> Best and thanks in advance, Tony
    >
    > PS - please feel free to email me thoughts [email protected]
     
  13. James Roach

    James Roach Guest

    [email protected] (Anthony Moody) wrote in message
    news:<[email protected]>...
    > Hi Everyone,
    >
    > I posted this in the racing forum as I'd seen several 'which bike' threads there, but a few people
    > scolded me. So here I am, cross-posting, asking the same question. Again...
    >
    > I'm a long time aluminum rider (currently Klein Quantum w/Ultegra set up) who is thinking hard
    > about making the jump to either Ti, Carbon, or a mix, and in custom form. Primary reason: comfort
    > (back pain, hand numbness), fit, ride quality (silky smooth please).

    Anthony,

    If cost is no object and comfort is the primary reason for your puchase why not look at a custom
    build steel frame. There are several builders in your area (Richard Sachs-CT for one) that might be
    worth investigating. The weight difference between the exotics (Carbon, Ti) and steel is, IMHO,
    minimal to all but the elite riders. A well set up steel bike can be a truely graceful ride. Besides
    who do you envy more, the person riding the fairly common Litespeed or the rider who has his name
    written on the top tube of a hand crafted, one of a kind steed.

    Good Luck,

    Ciao James
     
  14. Pete-<< If you're really looking for something "hi-end" find someone who is working with the new 6/4
    seamless Reynolds Ti. Guru is, and I believe Dean is as well.

    As well as Moots altho you don't get much ride wise or weight wise for a lot more money...

    Peter Chisholm Vecchio's Bicicletteria 1833 Pearl St. Boulder, CO, 80302
    (303)440-3535 http://www.vecchios.com "Ruote convenzionali costruite eccezionalmente bene"
     
  15. Diablo-<< The Ottrott has the carbon fiber/Ti mix that doesn't make sense to Peter C. but the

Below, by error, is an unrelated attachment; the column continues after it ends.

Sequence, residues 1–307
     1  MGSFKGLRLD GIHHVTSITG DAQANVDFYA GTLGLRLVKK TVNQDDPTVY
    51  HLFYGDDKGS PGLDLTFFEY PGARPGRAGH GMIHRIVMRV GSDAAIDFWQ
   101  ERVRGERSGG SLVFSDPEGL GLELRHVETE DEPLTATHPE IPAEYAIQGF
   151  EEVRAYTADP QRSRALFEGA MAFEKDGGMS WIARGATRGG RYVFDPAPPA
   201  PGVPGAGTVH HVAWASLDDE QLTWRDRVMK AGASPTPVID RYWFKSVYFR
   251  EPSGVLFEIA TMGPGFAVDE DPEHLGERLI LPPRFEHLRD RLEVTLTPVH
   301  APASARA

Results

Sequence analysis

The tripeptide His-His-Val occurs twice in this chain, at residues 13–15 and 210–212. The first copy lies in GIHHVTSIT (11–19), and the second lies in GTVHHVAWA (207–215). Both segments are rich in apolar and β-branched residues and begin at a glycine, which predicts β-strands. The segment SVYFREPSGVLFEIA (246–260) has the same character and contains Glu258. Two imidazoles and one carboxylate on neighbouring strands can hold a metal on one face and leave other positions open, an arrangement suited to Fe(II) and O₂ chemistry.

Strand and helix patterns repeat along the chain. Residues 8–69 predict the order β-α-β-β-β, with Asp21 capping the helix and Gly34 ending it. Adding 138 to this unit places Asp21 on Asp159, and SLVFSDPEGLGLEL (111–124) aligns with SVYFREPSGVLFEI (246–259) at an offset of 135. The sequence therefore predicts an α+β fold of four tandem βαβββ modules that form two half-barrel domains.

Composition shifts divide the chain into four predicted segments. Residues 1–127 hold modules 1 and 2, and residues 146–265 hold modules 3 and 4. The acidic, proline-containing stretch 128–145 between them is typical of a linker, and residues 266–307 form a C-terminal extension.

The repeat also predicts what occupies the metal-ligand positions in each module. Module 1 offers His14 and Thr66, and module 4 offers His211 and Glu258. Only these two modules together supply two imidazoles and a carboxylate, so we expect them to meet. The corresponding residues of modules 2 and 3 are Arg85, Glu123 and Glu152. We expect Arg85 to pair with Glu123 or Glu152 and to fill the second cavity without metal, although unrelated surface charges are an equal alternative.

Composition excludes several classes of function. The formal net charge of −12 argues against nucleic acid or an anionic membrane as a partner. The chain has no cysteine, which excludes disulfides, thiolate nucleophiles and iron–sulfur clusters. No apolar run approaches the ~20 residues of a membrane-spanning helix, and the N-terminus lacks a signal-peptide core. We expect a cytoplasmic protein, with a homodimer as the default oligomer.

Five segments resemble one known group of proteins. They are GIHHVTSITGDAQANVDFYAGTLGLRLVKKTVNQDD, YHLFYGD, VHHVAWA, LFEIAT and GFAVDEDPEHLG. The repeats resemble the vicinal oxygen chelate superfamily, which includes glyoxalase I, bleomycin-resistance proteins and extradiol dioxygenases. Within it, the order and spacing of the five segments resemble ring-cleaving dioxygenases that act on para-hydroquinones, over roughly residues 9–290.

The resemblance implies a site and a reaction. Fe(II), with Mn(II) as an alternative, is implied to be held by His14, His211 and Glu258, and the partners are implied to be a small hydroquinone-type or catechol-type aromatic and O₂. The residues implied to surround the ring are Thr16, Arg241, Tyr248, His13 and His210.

reviewer found it had a pretty sweet ride and they're all customs.

    Serotta makes standard OttRotts, and I never said it wasn't a 'sweet ride' but sacrificing longevity
    and trying to make the ti ride 'better' with glued in carbon makes little sense.

    Is the carbon for 'suppleness' or 'stiffness'? Or for 'selling'?

    Peter Chisholm Vecchio's Bicicletteria 1833 Pearl St. Boulder, CO, 80302
    (303)440-3535 http://www.vecchios.com "Ruote convenzionali costruite eccezionalmente bene"
     
  16. Mike S.

    Mike S. Guest

    "Qui si parla Campagnolo" <[email protected]> wrote in message
    news:[email protected]...
    > Diablo-<< The Ottrott has the carbon fiber/Ti mix that doesn't make sense
    to
    > Peter C. but the reviewer found it had a pretty sweet ride and they're all customs.
    >
    > Serotta makes standard OttRotts, and I never said it wasn't a 'sweet ride'
    but
    > sacrificing longevity and trying to make the ti ride 'better' with glued
    in
    > carbon makes little sense.
    >
    > Is the carbon for 'suppleness' or 'stiffness'? Or for 'selling'?
    >
    >
    > Peter Chisholm

    I was down at one of the shops in La Mesa, CA the other day and saw the Trek (Lemond?) version of
    the OttRott. CF topside, Ti bottomside. Interesting theory.

    Not sure what the heck you need to do something like that for except to say you've done it.

    Mike
     
  17. > I was down at one of the shops in La Mesa, CA the other day and saw the
    Trek
    > (Lemond?) version of the OttRott. CF topside, Ti bottomside. Interesting theory.
    >
    > Not sure what the heck you need to do something like that for except to
    say
    > you've done it.

    The reasoning behind it is that carbon and ti act very differently to forces trying to twist